Getting Along With Your College Roommate

Photo by Brooke Cagle on Unsplash

These days, colleges and social media do a lot to assure that compatible freshman can find each other when it comes time to pick a roommate.  While it's certainly less anxiety producing than random assignments, it is still a stressful process with no guarantees and we, as parents, worry!

I teach interpersonal communication which is focused on "dyads" or two people communicating and how relationships develop.  I thought I could share a few things our kids can do over the summer to smooth the road.  There are also two great communication techniques they can use if they hit any bumps in the road. I'm hoping students read this, so when I write  "you" below, I'm referring to the student. 

1. The "Presenting" self on social media.  Keep in mind that what a person puts up on social media is not the sum total of who they are, so keep expectations realistic.  There is still a lot more to get to know about this person so don't be disappointed or make any assumptions if they aren't "exactly" who you thought they would be. Also if you are following each other on social media, try not to read too much into their posts.

2. Start getting to know each other now.  In the communication world, we call this "uncertainty reduction," lol.  This might be a bit harder for guys and many girls also get shy about reaching out to each other but this is where the "virtual" hang out can be great. Try texting each other or commenting on each other's posts more often,  just to get an exchange going.  You can talk about what you might be bringing for the room, etc.  If that goes well, you can move on to FaceTime calls and other ways to spend time together.  My daughter and her roommate liked some of the same films, so they decided to FaceTime while watching a movie together.  If you live near each other, maybe you can meet half way for a lunch or dinner.

3. The "Less Stress" Roommate Contract.  This is a great concept where you and your roommate have an honest talk about what your "living" expectations are - things that you need and things that make you uncomfortable.  Then you agree on how you will manage these things when you are sharing a space.  Topics can include neatness, guests, food in the room, quiet versus noisy, sleeping schedules etc.  Even if it's awkward, establishing these things ahead of time will pave the way for a smooth transition.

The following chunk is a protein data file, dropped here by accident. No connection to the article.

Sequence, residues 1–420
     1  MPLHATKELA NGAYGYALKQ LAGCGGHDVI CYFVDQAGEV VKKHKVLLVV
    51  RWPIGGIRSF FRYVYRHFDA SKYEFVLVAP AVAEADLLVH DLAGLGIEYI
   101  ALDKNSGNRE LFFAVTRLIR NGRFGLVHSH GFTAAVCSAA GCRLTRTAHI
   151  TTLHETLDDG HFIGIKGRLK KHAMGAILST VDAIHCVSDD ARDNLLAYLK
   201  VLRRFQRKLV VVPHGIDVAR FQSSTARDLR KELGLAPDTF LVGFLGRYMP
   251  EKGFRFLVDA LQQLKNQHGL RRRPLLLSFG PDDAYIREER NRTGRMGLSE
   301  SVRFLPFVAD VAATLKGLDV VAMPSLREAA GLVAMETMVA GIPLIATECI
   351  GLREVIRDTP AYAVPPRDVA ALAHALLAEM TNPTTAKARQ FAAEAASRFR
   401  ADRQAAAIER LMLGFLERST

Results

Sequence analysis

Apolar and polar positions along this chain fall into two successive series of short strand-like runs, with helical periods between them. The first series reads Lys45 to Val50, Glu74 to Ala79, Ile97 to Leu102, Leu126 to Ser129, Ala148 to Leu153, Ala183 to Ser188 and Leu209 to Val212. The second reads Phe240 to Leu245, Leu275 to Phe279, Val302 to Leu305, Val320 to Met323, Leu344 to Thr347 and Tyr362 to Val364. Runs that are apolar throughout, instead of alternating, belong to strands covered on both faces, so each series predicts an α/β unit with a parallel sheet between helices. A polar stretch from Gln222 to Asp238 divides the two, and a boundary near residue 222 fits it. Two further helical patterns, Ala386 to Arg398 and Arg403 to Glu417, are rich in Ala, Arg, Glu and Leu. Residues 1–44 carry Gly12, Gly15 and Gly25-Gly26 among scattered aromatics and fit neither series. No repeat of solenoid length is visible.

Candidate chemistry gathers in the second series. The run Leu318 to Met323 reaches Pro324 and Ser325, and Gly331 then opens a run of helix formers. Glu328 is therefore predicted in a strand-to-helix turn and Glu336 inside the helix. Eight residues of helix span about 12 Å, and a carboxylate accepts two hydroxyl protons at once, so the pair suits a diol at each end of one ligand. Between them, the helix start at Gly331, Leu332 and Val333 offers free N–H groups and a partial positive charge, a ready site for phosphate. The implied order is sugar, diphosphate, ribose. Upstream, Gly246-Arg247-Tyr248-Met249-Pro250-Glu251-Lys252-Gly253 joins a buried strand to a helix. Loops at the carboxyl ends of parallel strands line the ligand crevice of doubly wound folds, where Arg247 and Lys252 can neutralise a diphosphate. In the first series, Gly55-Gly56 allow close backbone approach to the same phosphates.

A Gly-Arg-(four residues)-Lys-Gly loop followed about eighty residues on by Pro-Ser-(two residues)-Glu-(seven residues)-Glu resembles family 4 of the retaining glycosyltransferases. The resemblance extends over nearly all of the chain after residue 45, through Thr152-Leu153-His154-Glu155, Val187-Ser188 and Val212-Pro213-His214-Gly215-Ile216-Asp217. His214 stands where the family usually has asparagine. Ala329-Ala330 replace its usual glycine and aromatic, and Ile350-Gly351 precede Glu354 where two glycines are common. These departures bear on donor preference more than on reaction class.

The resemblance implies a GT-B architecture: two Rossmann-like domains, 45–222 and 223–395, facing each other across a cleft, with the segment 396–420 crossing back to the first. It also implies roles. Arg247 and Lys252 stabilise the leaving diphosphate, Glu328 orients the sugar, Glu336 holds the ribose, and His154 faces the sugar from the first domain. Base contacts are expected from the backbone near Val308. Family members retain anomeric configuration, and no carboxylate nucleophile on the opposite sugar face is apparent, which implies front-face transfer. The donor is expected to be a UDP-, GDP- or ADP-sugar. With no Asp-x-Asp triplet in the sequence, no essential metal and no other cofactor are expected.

3. Self Disclosure is at the heart of all relationship formation.  Social media does allow you to find out more about each other through a specific channel, but real self disclosure should follow a few guidelines.  First, it should be reciprocal, which means if you are sharing "lower level" information (your siblings, your career goal, activities you like), the other person will typically share the same "level" information.  It's a bit like crossing a new bridge, where you put your foot out and tap a bit to make sure it's sturdy before moving forward.  Keep in mind that to truly understand a story or a secret, you sometimes have to know a person enough to have the "context" around the situation.  As you go, you can share deeper information but just make sure that your roommate is sharing on a similar level.  If they are, then you are both establishing trust and that will build your relationship.

3. The Exposure Effect.  It turns out that we end up liking people who we see a lot, which is why it's not surprising so many friendships and romances begin where we work!  When you move into your room, expect to feel a bit awkward.  That's normal, so don't let it discourage you from doing things together.  There should be a lot of "welcome" events you can go to as well as exploring the campus, hitting the bookstore, and getting meals.  If you already have friends attending your school, still focus on your roommate or include them in your plans.  Hopefully they will do the same.